Tuesday, 31 May 2011

Waterspout off the southeast coast of Australia

When I first started writing this blog, I didn't really know how to write it and one of the suggestions made by one of the Geography Teachers was to watch the news and then write about that news story/footage in more detail. So, I thought I would give it a try..............
This footage was shot yesterday and was shown live on an Australian news channel. According to the reporter the scientific reason for the occurence of a waterspout is when there is a "bit of wind going around in circle" but I think there is slightly more to it than that.......

So, what excatly is a waterspout? Waterspouts are intense vortex funnels, which can sometimes be destructive, with a small width, that occur over water. Like dust devils and tornadoes, waterspouts are convective vortices whose circulations are driven by convection forming rising shafts of air. Proper waterspouts form over the water and will dissipate almost immediately upon touching any landmass. You can also get Tornadic waterspouts which are tornadoes which have been produced by severe thunderstorms and touch down onto or cross a body of water.

This is a cumulus congestus cloud. They are heap clouds which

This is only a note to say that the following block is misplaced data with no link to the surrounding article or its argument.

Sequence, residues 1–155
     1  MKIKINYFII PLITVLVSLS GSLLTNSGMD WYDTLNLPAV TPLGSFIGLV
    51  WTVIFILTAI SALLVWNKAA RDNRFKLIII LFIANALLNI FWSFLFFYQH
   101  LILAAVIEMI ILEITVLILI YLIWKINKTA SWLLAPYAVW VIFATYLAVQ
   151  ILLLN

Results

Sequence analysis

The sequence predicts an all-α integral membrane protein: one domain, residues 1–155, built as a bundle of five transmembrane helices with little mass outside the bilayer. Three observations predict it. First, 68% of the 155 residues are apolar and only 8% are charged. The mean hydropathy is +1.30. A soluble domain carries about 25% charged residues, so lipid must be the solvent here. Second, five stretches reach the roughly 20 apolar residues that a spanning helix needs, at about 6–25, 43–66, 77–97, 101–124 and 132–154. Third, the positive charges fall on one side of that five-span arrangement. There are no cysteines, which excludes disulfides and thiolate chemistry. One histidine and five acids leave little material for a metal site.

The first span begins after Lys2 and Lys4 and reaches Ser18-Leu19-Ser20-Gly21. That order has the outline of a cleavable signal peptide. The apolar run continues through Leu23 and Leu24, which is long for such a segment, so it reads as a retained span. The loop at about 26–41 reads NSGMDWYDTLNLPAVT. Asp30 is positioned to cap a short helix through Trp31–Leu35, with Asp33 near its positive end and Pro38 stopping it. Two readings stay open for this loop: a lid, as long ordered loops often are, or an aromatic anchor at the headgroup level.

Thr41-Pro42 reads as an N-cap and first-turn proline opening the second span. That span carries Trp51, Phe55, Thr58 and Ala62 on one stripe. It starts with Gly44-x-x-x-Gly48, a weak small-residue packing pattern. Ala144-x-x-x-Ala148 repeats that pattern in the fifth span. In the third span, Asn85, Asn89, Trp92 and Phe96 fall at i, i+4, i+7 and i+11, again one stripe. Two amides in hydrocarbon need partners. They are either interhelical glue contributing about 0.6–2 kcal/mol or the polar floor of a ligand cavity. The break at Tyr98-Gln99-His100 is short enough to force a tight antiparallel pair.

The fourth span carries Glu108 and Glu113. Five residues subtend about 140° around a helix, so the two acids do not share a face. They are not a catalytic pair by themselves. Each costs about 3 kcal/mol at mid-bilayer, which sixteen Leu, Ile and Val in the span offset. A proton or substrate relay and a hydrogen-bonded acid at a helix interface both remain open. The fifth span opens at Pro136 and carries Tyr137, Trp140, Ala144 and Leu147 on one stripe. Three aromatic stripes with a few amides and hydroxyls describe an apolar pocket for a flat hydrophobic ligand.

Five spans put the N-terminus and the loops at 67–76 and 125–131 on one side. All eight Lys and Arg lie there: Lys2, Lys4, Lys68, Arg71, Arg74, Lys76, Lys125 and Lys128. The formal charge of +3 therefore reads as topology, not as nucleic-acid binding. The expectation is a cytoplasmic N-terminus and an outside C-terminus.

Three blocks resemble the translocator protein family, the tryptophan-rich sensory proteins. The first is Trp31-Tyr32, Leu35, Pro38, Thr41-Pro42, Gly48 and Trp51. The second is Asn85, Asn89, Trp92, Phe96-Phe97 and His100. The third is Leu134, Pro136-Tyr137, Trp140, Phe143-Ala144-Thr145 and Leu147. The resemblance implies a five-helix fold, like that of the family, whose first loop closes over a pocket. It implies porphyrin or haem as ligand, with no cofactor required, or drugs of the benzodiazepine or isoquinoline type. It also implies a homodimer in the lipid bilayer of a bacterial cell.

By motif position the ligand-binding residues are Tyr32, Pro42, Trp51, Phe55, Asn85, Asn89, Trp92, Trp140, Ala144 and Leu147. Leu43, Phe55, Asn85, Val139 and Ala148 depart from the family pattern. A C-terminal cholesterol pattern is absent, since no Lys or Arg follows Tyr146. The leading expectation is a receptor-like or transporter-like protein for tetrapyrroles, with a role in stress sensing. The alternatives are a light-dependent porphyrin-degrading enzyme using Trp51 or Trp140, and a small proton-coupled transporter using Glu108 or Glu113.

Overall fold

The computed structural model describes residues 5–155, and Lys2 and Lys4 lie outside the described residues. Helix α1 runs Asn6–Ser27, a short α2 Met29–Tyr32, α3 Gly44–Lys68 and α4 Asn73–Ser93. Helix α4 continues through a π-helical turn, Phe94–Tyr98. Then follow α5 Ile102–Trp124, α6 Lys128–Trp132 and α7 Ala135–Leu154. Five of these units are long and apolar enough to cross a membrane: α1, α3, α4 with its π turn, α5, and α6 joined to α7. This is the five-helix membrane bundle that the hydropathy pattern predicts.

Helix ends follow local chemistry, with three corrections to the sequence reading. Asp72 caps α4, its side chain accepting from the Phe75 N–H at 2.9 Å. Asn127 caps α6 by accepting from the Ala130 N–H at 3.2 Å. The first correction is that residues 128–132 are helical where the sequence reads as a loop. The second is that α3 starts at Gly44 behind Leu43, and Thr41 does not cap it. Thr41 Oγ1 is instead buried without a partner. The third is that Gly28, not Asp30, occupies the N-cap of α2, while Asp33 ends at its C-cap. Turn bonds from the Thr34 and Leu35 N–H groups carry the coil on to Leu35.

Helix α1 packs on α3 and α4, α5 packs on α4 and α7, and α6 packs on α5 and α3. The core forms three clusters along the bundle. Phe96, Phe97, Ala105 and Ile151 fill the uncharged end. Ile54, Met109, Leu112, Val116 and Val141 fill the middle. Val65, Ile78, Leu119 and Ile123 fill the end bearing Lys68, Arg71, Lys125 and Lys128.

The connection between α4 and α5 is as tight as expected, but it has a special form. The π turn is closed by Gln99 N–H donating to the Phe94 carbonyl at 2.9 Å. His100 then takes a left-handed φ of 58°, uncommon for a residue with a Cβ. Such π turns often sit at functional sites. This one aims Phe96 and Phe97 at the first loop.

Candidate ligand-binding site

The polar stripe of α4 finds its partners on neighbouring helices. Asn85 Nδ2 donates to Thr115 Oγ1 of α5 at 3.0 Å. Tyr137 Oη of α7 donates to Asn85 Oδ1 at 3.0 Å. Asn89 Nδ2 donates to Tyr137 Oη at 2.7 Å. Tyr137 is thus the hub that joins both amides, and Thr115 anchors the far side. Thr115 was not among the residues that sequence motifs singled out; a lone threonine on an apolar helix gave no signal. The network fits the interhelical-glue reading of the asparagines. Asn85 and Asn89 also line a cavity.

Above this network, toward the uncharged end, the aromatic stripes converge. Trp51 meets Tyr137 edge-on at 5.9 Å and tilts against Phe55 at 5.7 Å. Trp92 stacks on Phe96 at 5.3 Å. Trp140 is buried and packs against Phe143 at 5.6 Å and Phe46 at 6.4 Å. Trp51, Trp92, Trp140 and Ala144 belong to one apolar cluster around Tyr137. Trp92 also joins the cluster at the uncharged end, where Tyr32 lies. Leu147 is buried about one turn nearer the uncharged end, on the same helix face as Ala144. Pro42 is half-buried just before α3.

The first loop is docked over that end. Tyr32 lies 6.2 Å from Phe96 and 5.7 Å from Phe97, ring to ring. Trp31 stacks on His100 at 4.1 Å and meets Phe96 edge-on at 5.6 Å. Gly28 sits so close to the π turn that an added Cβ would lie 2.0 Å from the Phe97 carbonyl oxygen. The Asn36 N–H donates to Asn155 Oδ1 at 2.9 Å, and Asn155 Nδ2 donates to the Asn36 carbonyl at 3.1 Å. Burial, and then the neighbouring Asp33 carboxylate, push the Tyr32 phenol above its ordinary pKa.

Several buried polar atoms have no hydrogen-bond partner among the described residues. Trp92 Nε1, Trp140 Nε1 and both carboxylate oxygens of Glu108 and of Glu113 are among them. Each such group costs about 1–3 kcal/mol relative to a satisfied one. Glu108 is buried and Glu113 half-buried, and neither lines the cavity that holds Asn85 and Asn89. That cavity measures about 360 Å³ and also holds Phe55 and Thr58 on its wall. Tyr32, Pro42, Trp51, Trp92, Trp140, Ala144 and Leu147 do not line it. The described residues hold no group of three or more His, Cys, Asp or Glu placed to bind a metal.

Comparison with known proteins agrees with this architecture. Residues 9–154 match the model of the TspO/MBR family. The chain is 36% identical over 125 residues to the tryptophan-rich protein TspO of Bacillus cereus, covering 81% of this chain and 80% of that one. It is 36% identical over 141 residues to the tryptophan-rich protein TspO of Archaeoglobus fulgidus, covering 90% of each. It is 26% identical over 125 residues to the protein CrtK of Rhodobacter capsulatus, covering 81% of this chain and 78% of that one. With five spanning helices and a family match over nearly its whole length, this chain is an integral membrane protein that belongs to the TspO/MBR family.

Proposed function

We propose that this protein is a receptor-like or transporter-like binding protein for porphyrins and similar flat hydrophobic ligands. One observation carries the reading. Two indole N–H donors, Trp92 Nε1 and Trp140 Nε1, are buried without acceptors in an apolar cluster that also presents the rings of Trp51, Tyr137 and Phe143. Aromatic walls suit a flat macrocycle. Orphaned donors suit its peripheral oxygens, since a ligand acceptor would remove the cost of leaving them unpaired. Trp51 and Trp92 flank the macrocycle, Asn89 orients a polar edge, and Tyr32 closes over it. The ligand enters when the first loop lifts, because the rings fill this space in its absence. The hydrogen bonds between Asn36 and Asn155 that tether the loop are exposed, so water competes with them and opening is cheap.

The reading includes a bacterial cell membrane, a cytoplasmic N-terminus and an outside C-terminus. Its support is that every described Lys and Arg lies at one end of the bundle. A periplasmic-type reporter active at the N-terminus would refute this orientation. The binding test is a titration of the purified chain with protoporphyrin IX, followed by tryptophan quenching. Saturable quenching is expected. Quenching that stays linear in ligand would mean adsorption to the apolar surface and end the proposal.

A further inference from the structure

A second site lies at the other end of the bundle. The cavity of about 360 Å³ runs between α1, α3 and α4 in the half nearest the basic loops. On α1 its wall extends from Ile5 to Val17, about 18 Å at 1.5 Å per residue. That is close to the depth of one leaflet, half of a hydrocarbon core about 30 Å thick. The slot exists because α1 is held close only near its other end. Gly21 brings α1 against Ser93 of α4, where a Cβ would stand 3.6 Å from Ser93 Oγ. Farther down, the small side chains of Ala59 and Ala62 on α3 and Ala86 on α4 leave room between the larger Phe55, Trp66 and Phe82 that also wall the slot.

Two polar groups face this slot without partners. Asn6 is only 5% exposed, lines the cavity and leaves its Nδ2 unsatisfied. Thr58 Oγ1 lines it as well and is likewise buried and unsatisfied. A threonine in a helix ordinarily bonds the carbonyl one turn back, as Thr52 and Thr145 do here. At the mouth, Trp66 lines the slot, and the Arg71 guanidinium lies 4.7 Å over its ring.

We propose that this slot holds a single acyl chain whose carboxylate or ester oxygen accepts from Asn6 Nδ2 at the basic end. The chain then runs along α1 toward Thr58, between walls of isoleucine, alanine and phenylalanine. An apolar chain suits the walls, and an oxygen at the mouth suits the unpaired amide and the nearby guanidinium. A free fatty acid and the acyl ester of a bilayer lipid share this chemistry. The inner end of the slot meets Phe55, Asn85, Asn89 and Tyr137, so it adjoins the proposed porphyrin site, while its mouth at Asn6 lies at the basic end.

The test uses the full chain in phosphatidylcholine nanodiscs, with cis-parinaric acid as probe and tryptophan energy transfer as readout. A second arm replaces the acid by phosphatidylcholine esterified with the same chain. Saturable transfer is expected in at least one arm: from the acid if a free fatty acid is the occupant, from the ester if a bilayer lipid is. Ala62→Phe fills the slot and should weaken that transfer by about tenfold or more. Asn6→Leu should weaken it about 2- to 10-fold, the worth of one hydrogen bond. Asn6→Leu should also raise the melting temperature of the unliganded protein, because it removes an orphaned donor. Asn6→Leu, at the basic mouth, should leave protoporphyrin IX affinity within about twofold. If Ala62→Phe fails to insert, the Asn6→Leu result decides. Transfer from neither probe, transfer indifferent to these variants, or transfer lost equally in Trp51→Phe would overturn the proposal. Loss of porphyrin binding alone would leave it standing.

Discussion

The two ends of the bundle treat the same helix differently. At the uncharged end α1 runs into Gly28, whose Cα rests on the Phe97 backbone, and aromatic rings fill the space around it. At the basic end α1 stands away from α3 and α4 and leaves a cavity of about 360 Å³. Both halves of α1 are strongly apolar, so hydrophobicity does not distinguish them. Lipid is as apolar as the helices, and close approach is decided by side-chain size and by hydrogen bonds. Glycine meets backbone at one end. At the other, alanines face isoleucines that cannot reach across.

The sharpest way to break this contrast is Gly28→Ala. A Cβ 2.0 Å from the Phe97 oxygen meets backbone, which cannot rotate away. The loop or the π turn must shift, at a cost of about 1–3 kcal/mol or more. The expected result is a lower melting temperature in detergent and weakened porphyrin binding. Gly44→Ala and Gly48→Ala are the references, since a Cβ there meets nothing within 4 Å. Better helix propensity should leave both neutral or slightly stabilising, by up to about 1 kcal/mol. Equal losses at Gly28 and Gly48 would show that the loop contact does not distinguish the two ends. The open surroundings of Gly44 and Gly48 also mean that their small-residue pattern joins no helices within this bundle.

have a large vertical and horizontal extent which are often said to look
 like a cauliflower as they have a flat bottom with a rounded but distinct top.
Waterspouts develop beneath the lines of rapidly growing, shallow cumulus congestus clouds (normally around 3000-4000m deep and 600m above the surface).  Most form in very warm subtropical waters, although some can form in large lakes and along the coastline. The vital condition for their formation is a much warmer surface water temperature then the air above. Therefore they form most during summer in subtropical waters or during late summer in lakes and along the northern coastline. A waterspout develops when a shaft of warm air forms at the water surface and begins to rise rapidly, which makes it spin. The waterspout funnel then begins to develop at the surface of the water and then builds up towards the sky. It often looks as if the waterspouts are sucking water up, from the water surface, but it is actually the condensing of water vapour in the rotating vortex and this makes the waterspouts visible. Waterspouts can spin clockwise or anti-clockwise and at the base of the funnel, the water is stirred into mushroom shaped water sprays.

It is easiest to understand them by looking at a diagram:

1. Water temperatures have to be around 26/27 degrees Celcius
2. Rapidly rising warm air forms lines of towering cumulus clouds
3. Rotation, either clockwise or anit-clockwise, begins as air converges on the column of rising air
4. A dark spot, which is normally only visible from above, appears on the ater surface. This is the first sign of a waterspout developing
5. Surface winds of around 50mph can produce sea spray at the base of the waterspout

 Compared to tornadoes, waterspouts are less destructive as they are less well defined. They can pose a threat to infrastucture just off the shoreline or boats, as they have the power to overturn them, but, because they are slow moving and highly visible, boats are normally able to steer away from them and so any possible danger.

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